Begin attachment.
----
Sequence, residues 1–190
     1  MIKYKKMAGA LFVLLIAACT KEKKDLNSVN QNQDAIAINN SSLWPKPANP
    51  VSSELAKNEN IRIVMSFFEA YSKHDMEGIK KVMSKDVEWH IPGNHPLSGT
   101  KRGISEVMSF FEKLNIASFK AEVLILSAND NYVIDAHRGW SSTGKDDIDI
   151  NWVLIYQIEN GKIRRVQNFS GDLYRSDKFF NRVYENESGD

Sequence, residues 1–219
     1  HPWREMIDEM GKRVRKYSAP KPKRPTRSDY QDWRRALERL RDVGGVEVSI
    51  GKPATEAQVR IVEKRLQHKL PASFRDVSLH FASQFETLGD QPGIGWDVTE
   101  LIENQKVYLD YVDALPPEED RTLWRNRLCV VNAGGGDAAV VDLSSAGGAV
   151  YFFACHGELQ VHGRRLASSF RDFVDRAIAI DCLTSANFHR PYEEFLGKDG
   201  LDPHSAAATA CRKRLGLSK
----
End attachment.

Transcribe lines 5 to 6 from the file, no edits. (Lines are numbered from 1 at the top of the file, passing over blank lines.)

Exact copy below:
   151  NWVLIYQIEN GKIRRVQNFS GDLYRSDKFF NRVYENESGD

Sequence, residues 1–219